Much has been made of the fact that the Xbox Series S is the least-powerful next-gen console. Its 4 teraflops of power are significantly less than the 12 TF Xbox Series X. Indeed, it even ranks below the 6 TF offered by the previous Xbox One X. How this affects you as a gamer depends entirely on what type of display you have. I can confidently state that if you do not currently own a 4K TV, the Xbox Series S will provide plenty of power and performance for your needs. I am among those that haven’t jumped on the 4K bandwagon yet. I’m still rocking the same 60-inch LG 1080p plasma that I purchased in 2014, and that screen still looks and works great. The Series S is a perfect match for this type of display. By targeting a lower resolution, XSS represents a more cost-effective solution for 1080p users. Games look and run generally fantastic running on my Xbox Series S on my 1080p TV. Ori and the Will of the Wisps look and play’s wonderfully. Dirt 5 routinely assaults my eyeballs with gorgeous weather, particle, and lighting effects (including very high-quality reflections). Call of Duty Black Ops Cold War plays at a locked 60 frames per second with nary a dropped frame in sight. In particular, the next-gen version of NBA 2K21 looks positively stunning running on the Series S. The Xbox Series S also has the same Velocity Architecture and NVMe SSD as the Series X. This means that load times are hyper-fast. Playing NHL 20 off of the internal SSD in backward compatibility mode resulted in blink-and-you’ll-miss-it loads. This makes navigating menus and hopping into games a breeze. Even though the Series S is less powerful than the Series X, you still get these same quality-of-life improvements. Using the Xbox Series S is just fun, and it improves the Xbox gaming experience in several ways. This includes the more powerful (on paper) Xbox One X. Every day I use my XSS, I’m more and more impressed with what this little machine can actually do. My advice to you is simple. If you have a 1080p TV that works well for you and don’t have a huge collection of disc-based games and movies, I’m confident in stating that the Xbox Series S should work well for you. You do not need to spend an extra $100 – $200 on a 4K console in this instance.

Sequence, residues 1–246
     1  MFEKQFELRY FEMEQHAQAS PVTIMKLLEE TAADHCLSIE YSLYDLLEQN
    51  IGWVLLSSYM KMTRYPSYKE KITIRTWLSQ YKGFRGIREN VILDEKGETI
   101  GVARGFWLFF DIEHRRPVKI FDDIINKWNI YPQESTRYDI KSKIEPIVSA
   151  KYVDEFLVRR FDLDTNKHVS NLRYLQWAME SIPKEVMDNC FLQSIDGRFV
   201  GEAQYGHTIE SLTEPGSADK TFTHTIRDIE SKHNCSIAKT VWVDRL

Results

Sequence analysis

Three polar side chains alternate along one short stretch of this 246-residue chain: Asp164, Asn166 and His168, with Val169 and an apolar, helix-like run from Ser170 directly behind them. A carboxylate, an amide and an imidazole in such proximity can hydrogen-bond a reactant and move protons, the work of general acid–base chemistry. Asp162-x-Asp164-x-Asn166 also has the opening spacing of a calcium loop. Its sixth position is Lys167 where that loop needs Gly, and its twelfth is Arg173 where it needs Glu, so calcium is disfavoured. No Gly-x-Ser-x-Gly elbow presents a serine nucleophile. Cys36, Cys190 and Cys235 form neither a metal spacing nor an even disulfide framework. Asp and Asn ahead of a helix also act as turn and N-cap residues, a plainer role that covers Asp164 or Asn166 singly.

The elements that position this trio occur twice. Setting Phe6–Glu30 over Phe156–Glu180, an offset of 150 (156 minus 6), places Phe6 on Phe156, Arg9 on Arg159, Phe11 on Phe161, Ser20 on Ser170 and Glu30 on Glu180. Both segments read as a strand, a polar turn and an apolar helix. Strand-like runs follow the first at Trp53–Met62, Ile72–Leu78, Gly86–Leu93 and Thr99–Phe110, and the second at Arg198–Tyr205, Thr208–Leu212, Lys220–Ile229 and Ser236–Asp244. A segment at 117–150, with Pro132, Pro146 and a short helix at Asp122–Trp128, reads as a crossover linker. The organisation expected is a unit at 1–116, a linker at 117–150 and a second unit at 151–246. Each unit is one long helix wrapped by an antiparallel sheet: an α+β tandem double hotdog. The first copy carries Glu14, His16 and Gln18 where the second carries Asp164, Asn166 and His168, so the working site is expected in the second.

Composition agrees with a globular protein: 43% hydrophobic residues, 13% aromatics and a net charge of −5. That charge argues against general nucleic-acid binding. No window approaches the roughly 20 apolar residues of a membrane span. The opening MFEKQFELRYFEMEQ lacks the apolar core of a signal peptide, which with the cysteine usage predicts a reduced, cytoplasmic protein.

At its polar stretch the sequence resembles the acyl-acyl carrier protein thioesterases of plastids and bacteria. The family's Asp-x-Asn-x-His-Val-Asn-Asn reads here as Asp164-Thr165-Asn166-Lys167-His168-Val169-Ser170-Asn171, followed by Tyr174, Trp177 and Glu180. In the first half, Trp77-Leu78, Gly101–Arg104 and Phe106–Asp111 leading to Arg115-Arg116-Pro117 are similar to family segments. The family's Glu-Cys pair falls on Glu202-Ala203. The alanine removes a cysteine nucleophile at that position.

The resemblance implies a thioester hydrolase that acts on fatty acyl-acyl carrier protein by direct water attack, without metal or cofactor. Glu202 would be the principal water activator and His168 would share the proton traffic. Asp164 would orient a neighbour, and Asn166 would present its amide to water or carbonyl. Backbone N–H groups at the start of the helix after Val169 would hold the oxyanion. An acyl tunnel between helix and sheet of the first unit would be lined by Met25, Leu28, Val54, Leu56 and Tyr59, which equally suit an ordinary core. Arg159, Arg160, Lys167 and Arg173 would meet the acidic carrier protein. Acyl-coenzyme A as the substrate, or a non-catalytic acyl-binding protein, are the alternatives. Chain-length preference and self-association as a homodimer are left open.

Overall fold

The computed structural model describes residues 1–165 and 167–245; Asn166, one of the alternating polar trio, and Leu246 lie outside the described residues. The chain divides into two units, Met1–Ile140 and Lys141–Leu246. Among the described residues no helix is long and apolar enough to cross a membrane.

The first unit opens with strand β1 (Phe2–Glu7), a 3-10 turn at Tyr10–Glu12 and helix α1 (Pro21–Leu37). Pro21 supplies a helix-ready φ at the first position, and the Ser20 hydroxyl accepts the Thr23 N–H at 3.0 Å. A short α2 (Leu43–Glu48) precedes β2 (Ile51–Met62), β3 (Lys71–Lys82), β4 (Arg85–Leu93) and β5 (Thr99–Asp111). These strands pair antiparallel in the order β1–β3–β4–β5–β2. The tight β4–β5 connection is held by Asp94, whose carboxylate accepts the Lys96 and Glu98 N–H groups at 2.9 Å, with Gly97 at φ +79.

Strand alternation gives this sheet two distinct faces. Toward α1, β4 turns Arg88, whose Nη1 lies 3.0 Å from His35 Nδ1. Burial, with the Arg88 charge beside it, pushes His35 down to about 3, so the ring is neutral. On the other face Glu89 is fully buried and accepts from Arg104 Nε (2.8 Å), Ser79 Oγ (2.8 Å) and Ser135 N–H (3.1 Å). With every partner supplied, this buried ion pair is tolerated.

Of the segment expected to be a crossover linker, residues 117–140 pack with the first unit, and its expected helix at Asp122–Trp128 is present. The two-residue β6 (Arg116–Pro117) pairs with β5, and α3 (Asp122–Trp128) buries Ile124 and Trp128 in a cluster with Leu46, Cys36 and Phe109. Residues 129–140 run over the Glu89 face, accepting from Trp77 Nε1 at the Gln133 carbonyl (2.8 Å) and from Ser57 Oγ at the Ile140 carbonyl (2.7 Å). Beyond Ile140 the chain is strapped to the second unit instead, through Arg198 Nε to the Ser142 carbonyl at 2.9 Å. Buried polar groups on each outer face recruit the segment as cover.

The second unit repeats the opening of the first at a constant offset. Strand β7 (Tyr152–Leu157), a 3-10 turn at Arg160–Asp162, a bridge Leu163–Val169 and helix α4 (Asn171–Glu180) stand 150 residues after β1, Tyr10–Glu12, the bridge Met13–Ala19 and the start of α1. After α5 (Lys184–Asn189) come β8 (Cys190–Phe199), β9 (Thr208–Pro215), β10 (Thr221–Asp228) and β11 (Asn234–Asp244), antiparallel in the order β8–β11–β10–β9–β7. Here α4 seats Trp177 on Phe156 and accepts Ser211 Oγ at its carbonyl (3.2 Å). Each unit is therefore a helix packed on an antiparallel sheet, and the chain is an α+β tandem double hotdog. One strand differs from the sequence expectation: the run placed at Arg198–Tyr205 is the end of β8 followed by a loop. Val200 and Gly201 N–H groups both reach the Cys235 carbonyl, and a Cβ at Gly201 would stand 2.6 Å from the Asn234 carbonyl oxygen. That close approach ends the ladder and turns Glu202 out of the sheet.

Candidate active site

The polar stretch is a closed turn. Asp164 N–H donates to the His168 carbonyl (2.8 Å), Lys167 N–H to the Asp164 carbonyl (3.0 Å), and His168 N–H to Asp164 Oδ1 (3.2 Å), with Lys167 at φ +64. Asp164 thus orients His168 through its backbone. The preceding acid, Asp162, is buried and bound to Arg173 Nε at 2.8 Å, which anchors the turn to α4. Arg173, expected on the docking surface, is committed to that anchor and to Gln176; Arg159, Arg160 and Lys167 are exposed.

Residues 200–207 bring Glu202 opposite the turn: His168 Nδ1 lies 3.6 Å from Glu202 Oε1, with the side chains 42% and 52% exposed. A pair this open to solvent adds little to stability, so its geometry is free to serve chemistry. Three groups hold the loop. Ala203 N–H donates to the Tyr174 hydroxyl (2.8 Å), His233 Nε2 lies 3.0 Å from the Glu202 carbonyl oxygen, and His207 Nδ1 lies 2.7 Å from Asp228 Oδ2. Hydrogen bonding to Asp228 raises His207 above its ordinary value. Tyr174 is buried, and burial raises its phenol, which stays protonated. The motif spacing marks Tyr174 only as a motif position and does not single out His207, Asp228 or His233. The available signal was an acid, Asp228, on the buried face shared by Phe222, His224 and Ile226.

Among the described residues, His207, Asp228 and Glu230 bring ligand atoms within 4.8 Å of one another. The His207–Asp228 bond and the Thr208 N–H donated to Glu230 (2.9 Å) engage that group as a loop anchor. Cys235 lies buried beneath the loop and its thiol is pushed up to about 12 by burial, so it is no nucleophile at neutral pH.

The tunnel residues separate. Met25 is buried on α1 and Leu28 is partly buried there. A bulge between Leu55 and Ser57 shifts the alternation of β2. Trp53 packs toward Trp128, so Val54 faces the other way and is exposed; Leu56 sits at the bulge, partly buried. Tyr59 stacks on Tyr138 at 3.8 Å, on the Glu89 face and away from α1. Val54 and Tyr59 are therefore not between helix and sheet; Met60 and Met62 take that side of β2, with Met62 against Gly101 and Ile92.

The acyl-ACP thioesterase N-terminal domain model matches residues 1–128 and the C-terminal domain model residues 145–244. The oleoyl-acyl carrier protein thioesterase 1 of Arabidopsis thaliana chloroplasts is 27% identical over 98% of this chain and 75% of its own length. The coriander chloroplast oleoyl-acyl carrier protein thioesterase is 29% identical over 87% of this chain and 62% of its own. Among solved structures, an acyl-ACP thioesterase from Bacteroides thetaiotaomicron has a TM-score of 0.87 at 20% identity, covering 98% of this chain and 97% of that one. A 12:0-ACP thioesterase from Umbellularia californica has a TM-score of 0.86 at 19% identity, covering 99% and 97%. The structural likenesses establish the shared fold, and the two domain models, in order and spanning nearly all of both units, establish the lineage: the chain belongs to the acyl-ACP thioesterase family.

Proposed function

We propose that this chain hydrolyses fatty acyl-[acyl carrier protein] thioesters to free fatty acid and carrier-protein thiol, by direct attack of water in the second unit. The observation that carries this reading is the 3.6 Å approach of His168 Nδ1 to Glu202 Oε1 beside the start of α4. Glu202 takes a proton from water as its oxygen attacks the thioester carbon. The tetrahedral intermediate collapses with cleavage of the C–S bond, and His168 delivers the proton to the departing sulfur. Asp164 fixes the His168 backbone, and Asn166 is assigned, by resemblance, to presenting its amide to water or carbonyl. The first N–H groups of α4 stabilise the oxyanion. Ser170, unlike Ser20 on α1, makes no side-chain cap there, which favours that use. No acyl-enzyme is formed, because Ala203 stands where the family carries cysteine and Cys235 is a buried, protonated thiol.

The Elephant in the Room: Storage

One demerit of Series S ownership is the comically small amount of internal storage. While advertised at 512 GB, the OS takes up more than a quarter of the usable space. The result is a net of only 364 GB available for games and apps. I do not need to tell you how quickly this can fill up. While you can play backward compatible games off of an external drive, you will not be able to take advantage of Series S enhancements and improved load times. Furthermore, you can’t play next gen-only titles at all in this manner. Eventually, you are going to need that $220 Seagate NVMe expansion card. Trust me when I say that hopping in and out of system menus to juggle around installed games gets old fast. Now, you might be thinking, “I could just get a Series X in that case.” However, even in that case, 1 TB of storage simply isn’t enough for next-gen games. It is inaccurate to think that simply buying a Series X will solve all of your storage woes. While it is true that the Series S will fill up more quickly, they’ll both run out of storage pretty darn fast.

The Next-Gen Console We Need?

Given its targeted performance and compelling price, the Xbox Series S is the most interesting of the next generation consoles. For a certain group of gamers (1080p users with a large digital game library), the Series S may well be the perfect console. It provides a next-generation feature set at a lower resolution at a much more accessible price. I have been extremely happy with my purchase, and I believe that you will be as well should you decide to take the plunge.